The Bush administration asked Israel to postpone the request in the wake of the devastating hurricane season in the southern U.S. Israel has yet to resubmit the request, but economic hardships for many Americans have only intensified, and asking for a West Bank assistance package 10 times the Gaza amount is seen as unlikely at a time when gasoline is topping $3 a gallon in the United States.
David Makovksy, a Washington Institute analyst who recently authored an assessment of Olmert’s withdrawal plan, said Olmert could suggest “creative burden sharing” with the international community. European nations, for instance, could offer to pay Israel to evacuate settlements and ready them for Palestinian use.
“Without economic support and political backing, the bottom line is, there is no disengagement,” he said.
Yet Hadley and his deputy, Elliott Abrams, made clear in their 40-minute meeting with Jewish leaders that now was not the time for details.
Participants said the meeting was perfunctory and more formal than previous meetings, which were held around a conference table. This time, the Jewish leaders were seated in an auditorium and had time only for a few questions after a short lecture by Hadley.
Jewish leaders were especially eager to elucidate the nuances between the Israeli, administration and congressional views on how to assist the Palestinians while isolating the Hamas-led Palestinian Authority government.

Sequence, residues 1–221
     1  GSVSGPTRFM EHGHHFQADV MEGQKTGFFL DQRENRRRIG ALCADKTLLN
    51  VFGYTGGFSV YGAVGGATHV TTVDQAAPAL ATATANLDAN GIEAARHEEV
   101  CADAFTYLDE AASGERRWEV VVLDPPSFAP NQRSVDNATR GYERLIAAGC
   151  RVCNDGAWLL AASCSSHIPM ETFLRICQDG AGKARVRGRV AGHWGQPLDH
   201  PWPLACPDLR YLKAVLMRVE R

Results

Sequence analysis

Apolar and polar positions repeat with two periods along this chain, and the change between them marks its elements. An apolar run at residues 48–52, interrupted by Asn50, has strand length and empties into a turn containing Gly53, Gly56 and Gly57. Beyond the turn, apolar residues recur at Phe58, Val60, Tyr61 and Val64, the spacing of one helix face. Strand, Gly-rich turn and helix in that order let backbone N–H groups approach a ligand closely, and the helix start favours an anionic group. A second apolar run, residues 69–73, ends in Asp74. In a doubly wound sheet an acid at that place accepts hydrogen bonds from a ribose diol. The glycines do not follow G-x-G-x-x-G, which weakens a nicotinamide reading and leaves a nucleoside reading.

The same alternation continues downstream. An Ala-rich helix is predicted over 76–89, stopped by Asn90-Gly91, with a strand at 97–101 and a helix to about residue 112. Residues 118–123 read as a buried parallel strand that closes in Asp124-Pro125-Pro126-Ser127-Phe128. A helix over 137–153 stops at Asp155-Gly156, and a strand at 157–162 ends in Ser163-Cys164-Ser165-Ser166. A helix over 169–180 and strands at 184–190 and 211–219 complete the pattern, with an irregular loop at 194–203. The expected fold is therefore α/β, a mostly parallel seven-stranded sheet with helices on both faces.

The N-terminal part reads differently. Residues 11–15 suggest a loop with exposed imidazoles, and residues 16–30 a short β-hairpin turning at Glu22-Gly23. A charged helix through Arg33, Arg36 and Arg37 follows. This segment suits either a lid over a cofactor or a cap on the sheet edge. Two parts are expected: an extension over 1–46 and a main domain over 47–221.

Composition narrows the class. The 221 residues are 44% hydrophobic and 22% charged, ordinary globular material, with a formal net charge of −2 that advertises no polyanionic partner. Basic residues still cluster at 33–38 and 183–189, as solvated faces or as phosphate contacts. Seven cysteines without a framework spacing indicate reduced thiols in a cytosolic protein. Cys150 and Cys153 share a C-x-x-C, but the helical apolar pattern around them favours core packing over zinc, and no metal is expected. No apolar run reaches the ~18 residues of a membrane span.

A bill currently under consideration in the U.S. House of Representatives would cut off all assistance to the Palestinian Authority and severely limit humanitarian assistance through non-governmental organizations. The United States has led efforts to isolate the Palestinian Authority since the January election of Hamas, a terrorist group that rejects Israel’s existence.
The Bush administration, which so far has kept the bill from reaching the full House, reportedly favors greater flexibility on humanitarian assistance and wants Israel to consider using P.A. President Mahmoud Abbas, a relative moderate who leads Fatah, as a conduit for assistance.
Some Jewish groups in the room, including the American Israel Public Affairs Committee, favor the tough House measures; others, including the Israel Policy Forum and the Jewish Alliance for Justice and Peace, favor greater flexibility.
Hadley and Abrams would not be drawn out on details, except to flatly reject a French proposal to pay Palestinian Authority salaries.
Hadley said that the Abbas option was basically Israel’s decision.
Three Fatah officials were in Washington last week lobbying for that option, and said Israel should negotiate with Abbas and the Palestine Liberation Organization, which has no Hamas representation.
Hamas would not obstruct such negotiations, said Nabil Amr, a former P.A. Cabinet minister, because it desperately needs the help of the more experienced Fatah leadership.
“Day by day, we see and receive messages from Hamas that they are not able to run modern institutions and society,” he said.
The Archive of the Jewish Telegraphic Agency includes articles published from 1923 to 2008. Archive stories reflect the journalistic standards and practices of the time they were published.